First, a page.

People v Cecunjanin
2009 NY Slip Op 07892 [67 AD3d 1072]
November 5, 2009
Appellate Division, Third Department
Published by New York State Law Reporting Bureau pursuant to Judiciary Law § 431.
As corrected through Wednesday, January 6, 2010

The People of the State of New York, Respondent, v Zufer Cecunjanin, Appellant.

[*1] Kindlon, Shanks & Associates, Albany (Kathy Manley of counsel), for appellant.

Timothy Blatchley, Special Prosecutor, Plattsburgh, for respondent.

Peters, J. Appeal from a judgment of the County Court of Franklin County (Richards, J.), rendered August 4, 2008, upon a verdict convicting defendant of the crimes of attempted sexual abuse in the first degree and unlawful imprisonment in the second degree.

The victim, accompanied by Lisa Yando and Angela King, visited a night club owned by defendant in the Village of Malone, Franklin County. They arrived around midnight but Yando soon left them. The victim, King and one of King's friends, Melissa Martin, remained at the club into the early morning hours of the following day. After socializing with others and dancing, the victim, who had previously come to know defendant in the course of her employment, sat for some time in a corner of the bar with him and three of his family members. During that time, the victim became increasingly intoxicated, eventually reaching a point where she was observed to be having difficulty keeping herself upright. Defendant then allegedly began trying to kiss the victim and place his hands up her shirt. Shortly thereafter, defendant allegedly escorted the victim into an adjacent storage room and shut the door. Concerned over this, King called Yando who, in turn, summoned the victim's parents. According to the victim, while in the storage room, defendant continued in his attempts to place his hand under her shirt and kiss her, and also tried to persuade her to go with him to an upper floor of the building. Although the victim tried to leave the storage room on more than one occasion, defendant prevented her from doing so. When the victim's parents arrived, her father retrieved the victim from the storage room [*2]and walked her outside, where the police were waiting.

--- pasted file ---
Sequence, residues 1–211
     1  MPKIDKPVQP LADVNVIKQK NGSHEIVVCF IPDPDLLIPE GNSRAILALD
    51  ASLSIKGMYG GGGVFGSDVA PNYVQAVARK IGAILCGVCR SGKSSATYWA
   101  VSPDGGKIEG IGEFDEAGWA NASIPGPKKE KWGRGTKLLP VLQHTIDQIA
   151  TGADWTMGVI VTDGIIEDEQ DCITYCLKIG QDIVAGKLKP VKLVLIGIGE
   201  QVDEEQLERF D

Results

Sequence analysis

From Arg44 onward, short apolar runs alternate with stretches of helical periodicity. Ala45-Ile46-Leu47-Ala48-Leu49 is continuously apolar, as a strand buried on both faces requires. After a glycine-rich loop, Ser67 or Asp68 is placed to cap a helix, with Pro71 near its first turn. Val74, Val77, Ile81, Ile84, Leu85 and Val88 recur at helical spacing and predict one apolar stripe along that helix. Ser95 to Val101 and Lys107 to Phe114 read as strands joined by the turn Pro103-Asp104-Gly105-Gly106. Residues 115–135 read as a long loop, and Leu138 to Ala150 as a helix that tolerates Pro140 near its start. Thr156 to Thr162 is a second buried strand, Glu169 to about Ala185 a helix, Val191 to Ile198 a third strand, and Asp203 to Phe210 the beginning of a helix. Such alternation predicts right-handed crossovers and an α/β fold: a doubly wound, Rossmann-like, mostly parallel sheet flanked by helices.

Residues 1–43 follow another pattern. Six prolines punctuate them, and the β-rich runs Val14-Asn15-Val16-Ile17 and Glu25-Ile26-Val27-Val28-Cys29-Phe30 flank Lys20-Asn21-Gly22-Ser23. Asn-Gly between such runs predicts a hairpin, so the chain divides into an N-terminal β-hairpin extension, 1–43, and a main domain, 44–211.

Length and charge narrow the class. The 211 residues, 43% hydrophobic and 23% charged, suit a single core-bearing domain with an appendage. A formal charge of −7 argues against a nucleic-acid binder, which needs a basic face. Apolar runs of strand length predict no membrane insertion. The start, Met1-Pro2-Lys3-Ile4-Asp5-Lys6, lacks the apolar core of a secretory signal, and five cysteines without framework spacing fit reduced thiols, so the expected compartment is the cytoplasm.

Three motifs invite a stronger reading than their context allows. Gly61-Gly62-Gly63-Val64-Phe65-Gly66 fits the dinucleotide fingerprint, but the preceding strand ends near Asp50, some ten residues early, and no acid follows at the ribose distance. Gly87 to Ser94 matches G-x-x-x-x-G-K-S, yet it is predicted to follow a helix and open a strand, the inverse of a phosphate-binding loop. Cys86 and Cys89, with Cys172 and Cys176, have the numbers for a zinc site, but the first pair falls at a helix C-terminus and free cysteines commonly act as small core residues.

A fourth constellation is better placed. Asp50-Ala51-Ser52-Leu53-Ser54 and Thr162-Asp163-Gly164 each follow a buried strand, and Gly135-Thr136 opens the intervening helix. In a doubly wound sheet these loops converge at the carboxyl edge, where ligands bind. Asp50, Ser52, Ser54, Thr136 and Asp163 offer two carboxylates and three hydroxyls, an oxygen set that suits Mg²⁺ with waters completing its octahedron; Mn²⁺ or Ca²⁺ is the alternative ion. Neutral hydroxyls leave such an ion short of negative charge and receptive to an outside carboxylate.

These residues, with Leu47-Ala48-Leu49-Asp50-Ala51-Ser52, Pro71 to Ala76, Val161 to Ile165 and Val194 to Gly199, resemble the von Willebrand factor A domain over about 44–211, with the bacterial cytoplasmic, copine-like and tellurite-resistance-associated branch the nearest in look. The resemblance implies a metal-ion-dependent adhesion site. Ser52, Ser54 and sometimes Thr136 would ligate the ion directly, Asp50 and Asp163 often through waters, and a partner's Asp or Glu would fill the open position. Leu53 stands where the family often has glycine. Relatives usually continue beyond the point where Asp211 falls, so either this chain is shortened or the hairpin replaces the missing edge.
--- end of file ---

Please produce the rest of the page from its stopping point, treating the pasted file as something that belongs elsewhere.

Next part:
Defendant was thereafter indicted for attempted sexual abuse in the first degree, unlawful imprisonment in the second degree and forcible touching. Following a jury trial, defendant was convicted of attempted sexual abuse in the first degree and unlawful imprisonment in the second degree.[FN*] He was thereafter sentenced to terms of incarceration of one year on the attempted sexual abuse count and 180 days on the unlawful imprisonment count. He now appeals.

Defendant first challenges the sufficiency of the evidence supporting his conviction of attempted sexual abuse in the first degree, arguing that the People presented no evidence by which the jury could have inferred that the victim was physically helpless. In order to establish the crime of attempted sexual abuse in the first degree, the People were required to show that defendant attempted to subject the victim to sexual contact at a time when she was "incapable of consent by reason of being physically helpless" (Penal Law § 130.65 [2]; see Penal Law § 110.00). A person is considered to be "physically helpless" when he or she "is unconscious or for any other reason is physically unable to communicate unwillingness to an act" (Penal Law § 130.00 [7]).